For NaNoWrimo 2009, I worked on a fantasy novel I had been kicking around for a few months. I thought I was ready for it. I had my rough synopsis, lore and characters all set. I played around with 1st person and then 3rd, finally deciding 3rd was the best way to go for the story, despite not feeling comfortable with it at the time. I powered through Nano, completing it several days before November 30th. Throughout the month, I didn't have time to really go back and focus on what I was writing. I would quickly look over the last few pages I wrote the day before to get the vibe of where I left off and then would write to get the story and the words down.
As I've mentioned before on the blog, it wasn't the first time I completed NaNoWrimo, and hopefully it won't be the last. In previous years, I was sparked by my marathon of writing, usually picking back up and a hurried pace again in January (how can you not take December off with the holidays after working that hard the month before?) This year was different. I found myself not caring to continue. I was so close to the finish of my first draft, but put it down. I still love the story, but can't figure out where I want to go with it. Instead of working through the issues, I just stopped writing...for two months.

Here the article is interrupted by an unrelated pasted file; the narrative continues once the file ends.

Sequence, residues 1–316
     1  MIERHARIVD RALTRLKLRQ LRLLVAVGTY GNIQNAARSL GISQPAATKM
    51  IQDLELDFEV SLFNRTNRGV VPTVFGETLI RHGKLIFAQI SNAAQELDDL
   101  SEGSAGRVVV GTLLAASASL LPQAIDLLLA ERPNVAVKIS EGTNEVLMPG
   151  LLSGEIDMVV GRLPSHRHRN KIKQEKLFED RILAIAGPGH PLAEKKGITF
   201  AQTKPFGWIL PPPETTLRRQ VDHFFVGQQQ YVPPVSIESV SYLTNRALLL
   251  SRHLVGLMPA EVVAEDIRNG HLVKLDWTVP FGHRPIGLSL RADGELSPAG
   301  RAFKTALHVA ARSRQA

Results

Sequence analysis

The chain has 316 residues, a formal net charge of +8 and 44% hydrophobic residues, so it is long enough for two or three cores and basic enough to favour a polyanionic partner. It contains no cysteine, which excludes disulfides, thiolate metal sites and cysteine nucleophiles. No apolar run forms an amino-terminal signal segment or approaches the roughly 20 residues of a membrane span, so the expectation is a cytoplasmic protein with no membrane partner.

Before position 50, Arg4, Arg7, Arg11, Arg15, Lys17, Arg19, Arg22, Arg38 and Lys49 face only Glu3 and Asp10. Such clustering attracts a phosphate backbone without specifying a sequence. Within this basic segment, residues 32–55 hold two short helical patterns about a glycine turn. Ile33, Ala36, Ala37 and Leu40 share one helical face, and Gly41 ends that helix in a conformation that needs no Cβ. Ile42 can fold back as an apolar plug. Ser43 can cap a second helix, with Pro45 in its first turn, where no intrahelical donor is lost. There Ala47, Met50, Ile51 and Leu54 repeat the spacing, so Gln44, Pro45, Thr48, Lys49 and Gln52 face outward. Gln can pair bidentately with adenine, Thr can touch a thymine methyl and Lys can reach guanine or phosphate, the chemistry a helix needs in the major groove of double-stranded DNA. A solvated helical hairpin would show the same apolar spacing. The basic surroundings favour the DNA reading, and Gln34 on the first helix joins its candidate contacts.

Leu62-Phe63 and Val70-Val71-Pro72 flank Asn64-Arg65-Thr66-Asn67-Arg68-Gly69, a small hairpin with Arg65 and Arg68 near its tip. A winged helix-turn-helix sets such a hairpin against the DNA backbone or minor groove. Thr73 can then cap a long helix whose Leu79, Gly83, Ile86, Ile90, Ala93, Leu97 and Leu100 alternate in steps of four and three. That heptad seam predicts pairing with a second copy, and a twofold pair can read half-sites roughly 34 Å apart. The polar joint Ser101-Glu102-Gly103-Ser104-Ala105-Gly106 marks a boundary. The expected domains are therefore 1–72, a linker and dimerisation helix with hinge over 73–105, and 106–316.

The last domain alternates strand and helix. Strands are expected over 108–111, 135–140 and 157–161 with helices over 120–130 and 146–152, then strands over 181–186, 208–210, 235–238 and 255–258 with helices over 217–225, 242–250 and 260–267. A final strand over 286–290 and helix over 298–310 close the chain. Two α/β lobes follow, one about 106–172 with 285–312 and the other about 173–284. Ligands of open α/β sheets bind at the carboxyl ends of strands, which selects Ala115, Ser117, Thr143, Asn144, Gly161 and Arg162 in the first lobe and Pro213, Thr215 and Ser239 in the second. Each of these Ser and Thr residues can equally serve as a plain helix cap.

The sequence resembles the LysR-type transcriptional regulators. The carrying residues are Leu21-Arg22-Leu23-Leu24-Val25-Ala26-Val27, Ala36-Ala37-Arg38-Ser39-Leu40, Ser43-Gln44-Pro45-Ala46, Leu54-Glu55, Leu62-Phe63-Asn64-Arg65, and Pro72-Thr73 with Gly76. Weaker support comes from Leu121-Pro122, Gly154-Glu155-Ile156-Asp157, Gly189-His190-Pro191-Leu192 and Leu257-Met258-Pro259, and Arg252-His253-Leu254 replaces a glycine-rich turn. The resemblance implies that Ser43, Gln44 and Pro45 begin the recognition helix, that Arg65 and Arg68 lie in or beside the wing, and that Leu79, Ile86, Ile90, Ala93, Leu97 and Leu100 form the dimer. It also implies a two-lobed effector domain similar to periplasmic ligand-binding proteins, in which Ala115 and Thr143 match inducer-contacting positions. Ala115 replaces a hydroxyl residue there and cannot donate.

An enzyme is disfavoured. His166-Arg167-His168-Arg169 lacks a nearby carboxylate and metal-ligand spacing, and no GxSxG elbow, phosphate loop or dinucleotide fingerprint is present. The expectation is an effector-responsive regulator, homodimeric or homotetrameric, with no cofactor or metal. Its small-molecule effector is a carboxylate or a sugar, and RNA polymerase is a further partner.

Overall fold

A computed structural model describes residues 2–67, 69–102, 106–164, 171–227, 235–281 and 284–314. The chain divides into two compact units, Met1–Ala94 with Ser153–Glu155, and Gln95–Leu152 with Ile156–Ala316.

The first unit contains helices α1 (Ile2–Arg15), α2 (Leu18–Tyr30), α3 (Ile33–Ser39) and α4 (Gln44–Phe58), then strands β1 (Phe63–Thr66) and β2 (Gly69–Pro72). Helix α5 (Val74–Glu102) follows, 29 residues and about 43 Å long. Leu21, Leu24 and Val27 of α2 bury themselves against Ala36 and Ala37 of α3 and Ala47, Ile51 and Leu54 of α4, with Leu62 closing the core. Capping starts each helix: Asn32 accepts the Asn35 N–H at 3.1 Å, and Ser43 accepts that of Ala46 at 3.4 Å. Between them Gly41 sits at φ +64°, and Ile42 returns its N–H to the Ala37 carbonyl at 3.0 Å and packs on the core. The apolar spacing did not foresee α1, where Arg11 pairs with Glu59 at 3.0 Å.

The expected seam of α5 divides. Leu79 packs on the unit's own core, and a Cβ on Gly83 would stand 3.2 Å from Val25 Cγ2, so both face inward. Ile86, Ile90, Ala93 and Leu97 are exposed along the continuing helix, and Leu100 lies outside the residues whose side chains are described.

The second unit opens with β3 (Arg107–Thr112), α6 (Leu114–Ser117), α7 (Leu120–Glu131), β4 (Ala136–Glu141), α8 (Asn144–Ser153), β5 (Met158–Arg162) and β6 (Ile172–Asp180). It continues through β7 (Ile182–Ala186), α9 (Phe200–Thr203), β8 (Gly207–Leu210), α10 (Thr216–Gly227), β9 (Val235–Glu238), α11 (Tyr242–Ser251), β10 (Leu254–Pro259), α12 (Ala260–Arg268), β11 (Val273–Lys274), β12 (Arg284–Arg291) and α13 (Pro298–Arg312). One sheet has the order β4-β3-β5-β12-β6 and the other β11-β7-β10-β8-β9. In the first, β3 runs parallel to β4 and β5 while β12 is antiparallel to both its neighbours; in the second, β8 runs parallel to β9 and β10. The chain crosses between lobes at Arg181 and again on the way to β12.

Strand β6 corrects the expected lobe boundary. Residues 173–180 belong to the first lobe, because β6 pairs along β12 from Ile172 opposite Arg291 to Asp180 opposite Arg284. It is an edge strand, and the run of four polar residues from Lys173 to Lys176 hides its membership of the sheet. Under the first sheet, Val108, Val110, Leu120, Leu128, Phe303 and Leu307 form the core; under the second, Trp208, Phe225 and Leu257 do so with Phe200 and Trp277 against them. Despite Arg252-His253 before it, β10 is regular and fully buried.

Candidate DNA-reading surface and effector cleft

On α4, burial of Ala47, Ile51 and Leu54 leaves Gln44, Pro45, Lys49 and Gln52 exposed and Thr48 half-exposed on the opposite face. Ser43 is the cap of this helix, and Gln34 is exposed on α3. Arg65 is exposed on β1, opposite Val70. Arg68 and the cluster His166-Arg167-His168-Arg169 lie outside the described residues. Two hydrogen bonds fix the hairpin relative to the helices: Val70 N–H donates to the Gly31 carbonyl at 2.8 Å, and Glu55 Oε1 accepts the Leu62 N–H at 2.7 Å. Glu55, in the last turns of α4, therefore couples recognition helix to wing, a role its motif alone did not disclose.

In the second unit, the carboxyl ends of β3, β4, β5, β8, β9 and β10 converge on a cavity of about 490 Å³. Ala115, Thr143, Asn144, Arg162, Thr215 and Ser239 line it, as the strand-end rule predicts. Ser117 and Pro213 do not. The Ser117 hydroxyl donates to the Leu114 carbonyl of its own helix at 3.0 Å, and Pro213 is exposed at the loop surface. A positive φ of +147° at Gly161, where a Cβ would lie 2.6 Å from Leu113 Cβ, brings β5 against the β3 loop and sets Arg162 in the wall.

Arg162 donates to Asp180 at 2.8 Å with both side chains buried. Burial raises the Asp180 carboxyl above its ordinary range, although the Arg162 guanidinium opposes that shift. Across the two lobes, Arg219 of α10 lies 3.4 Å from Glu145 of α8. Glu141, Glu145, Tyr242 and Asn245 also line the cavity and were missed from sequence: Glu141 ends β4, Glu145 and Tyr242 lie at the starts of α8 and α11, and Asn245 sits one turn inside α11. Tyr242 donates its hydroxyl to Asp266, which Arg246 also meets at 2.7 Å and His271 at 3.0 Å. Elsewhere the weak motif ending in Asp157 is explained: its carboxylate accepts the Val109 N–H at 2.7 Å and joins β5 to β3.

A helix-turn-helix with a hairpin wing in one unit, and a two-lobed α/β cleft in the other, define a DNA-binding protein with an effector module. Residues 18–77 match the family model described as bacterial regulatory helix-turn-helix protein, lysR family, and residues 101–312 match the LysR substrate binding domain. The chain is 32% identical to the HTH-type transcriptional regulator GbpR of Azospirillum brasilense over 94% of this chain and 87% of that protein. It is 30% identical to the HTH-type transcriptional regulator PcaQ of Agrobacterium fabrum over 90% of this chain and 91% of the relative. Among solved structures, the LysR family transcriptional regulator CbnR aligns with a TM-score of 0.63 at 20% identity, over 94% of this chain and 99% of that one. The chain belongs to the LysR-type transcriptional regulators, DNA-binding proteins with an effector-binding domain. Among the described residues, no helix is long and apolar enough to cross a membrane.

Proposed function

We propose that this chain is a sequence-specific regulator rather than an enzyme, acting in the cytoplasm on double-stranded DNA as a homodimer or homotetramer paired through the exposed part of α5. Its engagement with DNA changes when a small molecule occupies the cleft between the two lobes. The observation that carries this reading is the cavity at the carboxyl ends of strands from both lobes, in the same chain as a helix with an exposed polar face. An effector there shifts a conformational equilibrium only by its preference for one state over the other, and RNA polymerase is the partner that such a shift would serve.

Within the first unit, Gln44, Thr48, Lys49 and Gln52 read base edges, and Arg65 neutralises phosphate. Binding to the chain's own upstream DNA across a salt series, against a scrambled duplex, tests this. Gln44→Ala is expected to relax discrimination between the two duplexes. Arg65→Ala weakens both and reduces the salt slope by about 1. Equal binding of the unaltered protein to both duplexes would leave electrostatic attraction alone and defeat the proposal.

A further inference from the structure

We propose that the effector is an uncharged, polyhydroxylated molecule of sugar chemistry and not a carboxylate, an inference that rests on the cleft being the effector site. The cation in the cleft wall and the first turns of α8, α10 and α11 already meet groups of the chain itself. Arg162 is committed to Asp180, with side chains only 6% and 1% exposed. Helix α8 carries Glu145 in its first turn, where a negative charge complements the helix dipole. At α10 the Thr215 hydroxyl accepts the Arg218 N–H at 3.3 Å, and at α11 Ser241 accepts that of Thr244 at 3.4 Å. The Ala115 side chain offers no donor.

I loved the story and wanted it to work to the point that I let it suck my creativity and passion for writing. I was afraid to go back to it, so I just stopped writing. I now realize that it's okay to put that story aside and work on something else. Sometimes the best medicine is to just take a break and focus attention on a new project. The story will always be there when I'm ready to pick it back up. Despite learning this the hard way, I am now happy to report that I am working on something else that I'm excited about.
How do you work through difficult writing periods?
Questions for Aprilynne Pike!
7 years ago